It is when those who want to bring back hanging resort to complaining about the cost of keeping a man (or woman) in jail that I start to be concerned about their pro-death penalty stance. Yes, I know it costs many thousands of pounds a year to lock up someone, but that doesn't strike me as a very good reason for killing them instead.
Then there are the difficult cases, the people who might be described as truly evil, like Fred & Rose West, Ian Brady and Myra Hindley. Yes, their crimes were horrific, but I can't be sure that they were not insane as opposed to evil. Is there such a thing as a truly evil person? I'm not entirely sure there is.
But to get back to the book. Reading it, one forms the opinion that justice in the Oklahoma town of Ada was, back in the years when those events occurred, very much a hit or miss affair. But is that picture accurate? District Attorney Bill Peterson was sufficiently incensed to set up a web site to counter Grisham's alleged inaccuracies.
I suppose the reader pays his money and makes his choice, but it doesn't alter the fact that another innocent man was very nearly put to death.
Tuesday, 27 July 2010
I had said the book was ready to go to the printers, but in fact there was still a little more to do. I had to convert the file to .pdf format and burn it to a disc. Now that would normally cause no problems. Normally. But this time, of course, it did. I decided to finish off the August issue of Jungle Jottings before starting on Diamond Geezers (as the book is called). Now I always send out JJ in .pdf format having produced it in WordPerfect. Conversion is simple enough: I have a freebie program which converts as part of the printing process. But no matter how many times I tried to convert, only half of JJ would emerge in the .pdf document. I finally decided the .wpd (WordPerfect) file must be too large. With several pictures in this issue, it was a pretty big file. I reduced the size of the graphics, and lo and behold - problem solved.
It was the same with Diamond Geezers. No matter what I did, the .pdf file contained less than half the .wpd file - and there was no way I could reduce the size of the file. However, although the printers could not accept WordPerfect files, they could accept Word files as well as .pdf. So, I saved the .wpd file as a .doc file. But that threw up other problems, principally with the formatting.
(This is where I must insert a prescript.)
Flashback twenty years: PCs (personal computers) were not called that in those days - they were desktop computers. It was about then that, in my capacity as general manager of a small company, I bought myself my first computer. Well, the company bought it for me to use in the office. That computer didn't come with all sorts of goodies pre-packaged and any software had to be bought separately. I decided to use WordPerfect as my word processor. I can't remember why I chose WordPerfect: I don't suppose it was simply because I liked the colour of the packaging but it might have been for an equally inane reason. Whatever the reason, WordPerfect it was. And I still use it today. Eventually, of course, I upgraded my computer (several times, even since retirement) but I have loaded good old WordPerfect onto each one. I did try using Word, but because I had become so set in my ways with WP, I just couldn't get to grips with it. And I still think that WP is the better program for some things.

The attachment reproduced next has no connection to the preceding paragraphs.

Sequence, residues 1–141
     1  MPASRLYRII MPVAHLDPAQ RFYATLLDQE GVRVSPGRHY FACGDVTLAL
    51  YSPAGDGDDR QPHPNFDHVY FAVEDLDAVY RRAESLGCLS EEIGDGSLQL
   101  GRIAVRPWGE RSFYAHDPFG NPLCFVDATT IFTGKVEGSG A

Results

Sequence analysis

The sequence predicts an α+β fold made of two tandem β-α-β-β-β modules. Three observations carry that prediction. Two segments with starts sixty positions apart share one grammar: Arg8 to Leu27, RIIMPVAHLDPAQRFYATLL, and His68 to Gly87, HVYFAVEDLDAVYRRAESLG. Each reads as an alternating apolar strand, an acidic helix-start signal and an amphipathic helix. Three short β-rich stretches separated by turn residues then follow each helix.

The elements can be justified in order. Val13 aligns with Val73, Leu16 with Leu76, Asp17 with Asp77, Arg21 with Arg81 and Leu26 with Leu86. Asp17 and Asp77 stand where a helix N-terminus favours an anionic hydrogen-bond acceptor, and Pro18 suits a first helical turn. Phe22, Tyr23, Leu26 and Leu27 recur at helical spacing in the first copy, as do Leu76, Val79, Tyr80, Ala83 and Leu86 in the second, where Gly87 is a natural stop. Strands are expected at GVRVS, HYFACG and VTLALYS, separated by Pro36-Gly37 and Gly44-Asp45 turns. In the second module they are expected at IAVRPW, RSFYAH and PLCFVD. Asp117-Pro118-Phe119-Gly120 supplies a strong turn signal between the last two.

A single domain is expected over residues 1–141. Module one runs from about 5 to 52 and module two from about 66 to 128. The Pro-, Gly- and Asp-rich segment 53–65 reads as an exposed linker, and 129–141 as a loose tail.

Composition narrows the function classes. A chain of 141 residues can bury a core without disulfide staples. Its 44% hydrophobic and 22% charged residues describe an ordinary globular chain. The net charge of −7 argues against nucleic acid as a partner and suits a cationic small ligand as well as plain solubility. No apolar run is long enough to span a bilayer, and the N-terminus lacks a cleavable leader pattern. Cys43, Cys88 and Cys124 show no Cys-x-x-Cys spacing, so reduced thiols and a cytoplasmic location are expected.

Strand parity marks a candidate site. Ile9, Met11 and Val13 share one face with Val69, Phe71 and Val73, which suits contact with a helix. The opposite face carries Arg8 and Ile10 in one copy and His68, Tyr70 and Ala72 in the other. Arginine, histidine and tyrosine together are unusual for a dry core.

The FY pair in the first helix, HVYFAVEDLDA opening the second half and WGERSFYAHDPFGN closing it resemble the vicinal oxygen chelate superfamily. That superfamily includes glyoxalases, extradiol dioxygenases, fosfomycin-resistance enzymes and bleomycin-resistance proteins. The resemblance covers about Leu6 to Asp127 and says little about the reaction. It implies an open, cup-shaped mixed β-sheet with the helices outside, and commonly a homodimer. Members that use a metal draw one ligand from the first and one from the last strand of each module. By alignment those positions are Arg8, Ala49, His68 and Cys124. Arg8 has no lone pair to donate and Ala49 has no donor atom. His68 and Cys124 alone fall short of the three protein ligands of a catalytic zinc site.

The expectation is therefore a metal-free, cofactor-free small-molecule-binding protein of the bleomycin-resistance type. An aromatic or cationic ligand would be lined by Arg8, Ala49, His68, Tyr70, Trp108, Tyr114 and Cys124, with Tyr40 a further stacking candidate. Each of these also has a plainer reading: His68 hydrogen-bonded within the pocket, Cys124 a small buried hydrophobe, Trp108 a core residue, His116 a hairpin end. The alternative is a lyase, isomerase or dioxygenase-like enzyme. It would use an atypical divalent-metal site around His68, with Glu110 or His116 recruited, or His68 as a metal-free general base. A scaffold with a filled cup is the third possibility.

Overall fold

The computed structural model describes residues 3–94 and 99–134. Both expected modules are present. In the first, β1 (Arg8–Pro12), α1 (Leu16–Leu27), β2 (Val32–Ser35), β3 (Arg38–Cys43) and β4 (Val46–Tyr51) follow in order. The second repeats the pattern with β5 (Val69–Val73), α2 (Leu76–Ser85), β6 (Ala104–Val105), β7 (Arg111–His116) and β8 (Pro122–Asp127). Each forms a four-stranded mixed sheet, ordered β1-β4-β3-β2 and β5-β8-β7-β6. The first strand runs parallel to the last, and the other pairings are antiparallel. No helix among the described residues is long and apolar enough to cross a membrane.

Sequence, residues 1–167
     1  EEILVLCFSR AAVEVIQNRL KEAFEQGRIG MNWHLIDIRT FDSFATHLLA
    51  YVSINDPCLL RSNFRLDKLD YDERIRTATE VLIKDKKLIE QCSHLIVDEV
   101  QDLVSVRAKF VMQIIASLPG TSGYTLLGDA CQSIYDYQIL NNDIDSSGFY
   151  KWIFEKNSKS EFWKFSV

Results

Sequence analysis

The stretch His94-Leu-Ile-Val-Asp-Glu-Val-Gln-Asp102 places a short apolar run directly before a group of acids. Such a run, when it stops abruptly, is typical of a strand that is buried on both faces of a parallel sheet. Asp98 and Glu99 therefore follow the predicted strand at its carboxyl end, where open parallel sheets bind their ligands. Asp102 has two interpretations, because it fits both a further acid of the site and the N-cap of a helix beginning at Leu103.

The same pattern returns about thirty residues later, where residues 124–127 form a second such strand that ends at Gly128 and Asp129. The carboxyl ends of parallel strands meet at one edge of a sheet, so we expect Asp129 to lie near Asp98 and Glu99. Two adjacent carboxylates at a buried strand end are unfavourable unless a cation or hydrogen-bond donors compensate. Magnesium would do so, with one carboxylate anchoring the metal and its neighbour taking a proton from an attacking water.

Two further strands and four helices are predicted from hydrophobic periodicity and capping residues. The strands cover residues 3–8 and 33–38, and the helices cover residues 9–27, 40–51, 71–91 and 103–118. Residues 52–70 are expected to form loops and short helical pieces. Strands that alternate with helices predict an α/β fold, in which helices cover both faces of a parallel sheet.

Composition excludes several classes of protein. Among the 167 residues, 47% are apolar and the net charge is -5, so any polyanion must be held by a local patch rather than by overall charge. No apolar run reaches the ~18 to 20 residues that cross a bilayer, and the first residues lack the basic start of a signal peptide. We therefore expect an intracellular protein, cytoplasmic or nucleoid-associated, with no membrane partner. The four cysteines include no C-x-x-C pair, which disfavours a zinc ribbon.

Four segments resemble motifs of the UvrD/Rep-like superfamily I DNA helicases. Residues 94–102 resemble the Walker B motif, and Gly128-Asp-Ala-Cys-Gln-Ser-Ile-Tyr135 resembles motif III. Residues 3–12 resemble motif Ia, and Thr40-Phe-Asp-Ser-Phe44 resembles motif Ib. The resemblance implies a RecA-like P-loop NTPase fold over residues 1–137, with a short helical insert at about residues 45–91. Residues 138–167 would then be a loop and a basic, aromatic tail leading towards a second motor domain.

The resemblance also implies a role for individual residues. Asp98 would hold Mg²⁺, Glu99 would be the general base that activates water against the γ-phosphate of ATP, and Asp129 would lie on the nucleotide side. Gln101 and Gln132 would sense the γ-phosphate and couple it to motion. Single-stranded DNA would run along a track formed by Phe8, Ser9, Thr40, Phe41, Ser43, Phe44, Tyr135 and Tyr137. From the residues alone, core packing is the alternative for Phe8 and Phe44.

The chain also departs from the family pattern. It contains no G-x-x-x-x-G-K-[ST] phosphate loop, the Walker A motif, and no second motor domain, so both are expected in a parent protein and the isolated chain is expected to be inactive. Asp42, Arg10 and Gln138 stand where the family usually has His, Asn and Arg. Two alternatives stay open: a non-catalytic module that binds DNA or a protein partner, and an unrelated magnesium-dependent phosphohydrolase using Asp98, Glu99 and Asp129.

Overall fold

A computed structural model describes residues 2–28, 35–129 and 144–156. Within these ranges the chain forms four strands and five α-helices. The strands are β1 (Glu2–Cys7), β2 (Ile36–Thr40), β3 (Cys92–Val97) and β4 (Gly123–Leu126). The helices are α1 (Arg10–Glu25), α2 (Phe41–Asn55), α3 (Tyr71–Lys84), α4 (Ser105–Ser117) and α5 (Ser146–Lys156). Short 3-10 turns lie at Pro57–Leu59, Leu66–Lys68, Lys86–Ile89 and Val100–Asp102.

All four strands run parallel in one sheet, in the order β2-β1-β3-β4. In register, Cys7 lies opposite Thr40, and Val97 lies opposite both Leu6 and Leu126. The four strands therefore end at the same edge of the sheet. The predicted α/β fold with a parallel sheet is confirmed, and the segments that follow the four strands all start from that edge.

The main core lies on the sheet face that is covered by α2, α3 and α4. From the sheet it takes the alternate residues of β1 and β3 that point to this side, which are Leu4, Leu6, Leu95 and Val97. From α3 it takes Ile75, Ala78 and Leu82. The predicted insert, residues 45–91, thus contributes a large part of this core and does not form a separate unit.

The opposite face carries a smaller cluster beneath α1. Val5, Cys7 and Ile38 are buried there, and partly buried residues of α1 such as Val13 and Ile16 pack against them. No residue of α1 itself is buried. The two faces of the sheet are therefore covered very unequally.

Anyway, Diamond Geezers was now on my desktop in Word format - but everything was skewwhiff! It took me ages to sort out - and I still can't get to grips with section breaks! But sorted out it was, so I burned it to a disc and went off to the printers yesterday afternoon. They checked it out and it looks good for printing, so in three or four weeks' time Diamond Geezers will be in print. And the printers gave me a very good price as well.
Monday, 26 July 2010
It was on Friday that I picked the first peas of the year. There's something very special about the first picking, even though the peas are always very good when they go from the garden to the plate in no more than 30 minutes on any day. The first runner beans should be ready in a week or two.
On Friday I also lifted my entire crop of potatoes, onions and garlic. The garlic took very little time as the entire crop had failed. The onions weren't much better and those that had done anything are no bigger than shallots! And to think that we finished last year's crop only three or four weeks ago - both onions and garlic. The potatoes were an experiment - which didn't work. I have grown potatoes in the past, although not for many years, but this year I bought three planter bags with 15 seed potatoes as a special offer. There were just enough potatoes for one meal. I will not be repeating the experiment next year.
I also picked the first of the gooseberries and found a few more blackcurrants. Most of the blackcurrants were picked three weeks back. The raspberry canes produced a handful of fruit, but that is very early as they are autumn-fruiting canes. And this year, for the first time in many years, I managed to beat the birds to some of the cherries. All of three of them, and the birds have got the rest.
Sunday, 25 July 2010
Another picture snatched while at traffic lights. This shows, in the centre of the picture, the cathedral of Rouen with its three different towers. The building dates in parts from the 12th century so it was certainly there when Joan of Arc was burnt at the stake in the city in 1431 having been found guilty of heresy. A particularly painful death - just for wearing men's clothing.
Saturday, 24 July 2010
The farmer who owns the field next door to us in France has started rotating his crops. When we bought the house, the field was used for grazing cattle. Then last year, the farmer grew a cereal of some sort - probably barley. This year it's maize. Similarly, the field behind us was pasture up until this year and now there is a good crop of barley growing there. Maize next year?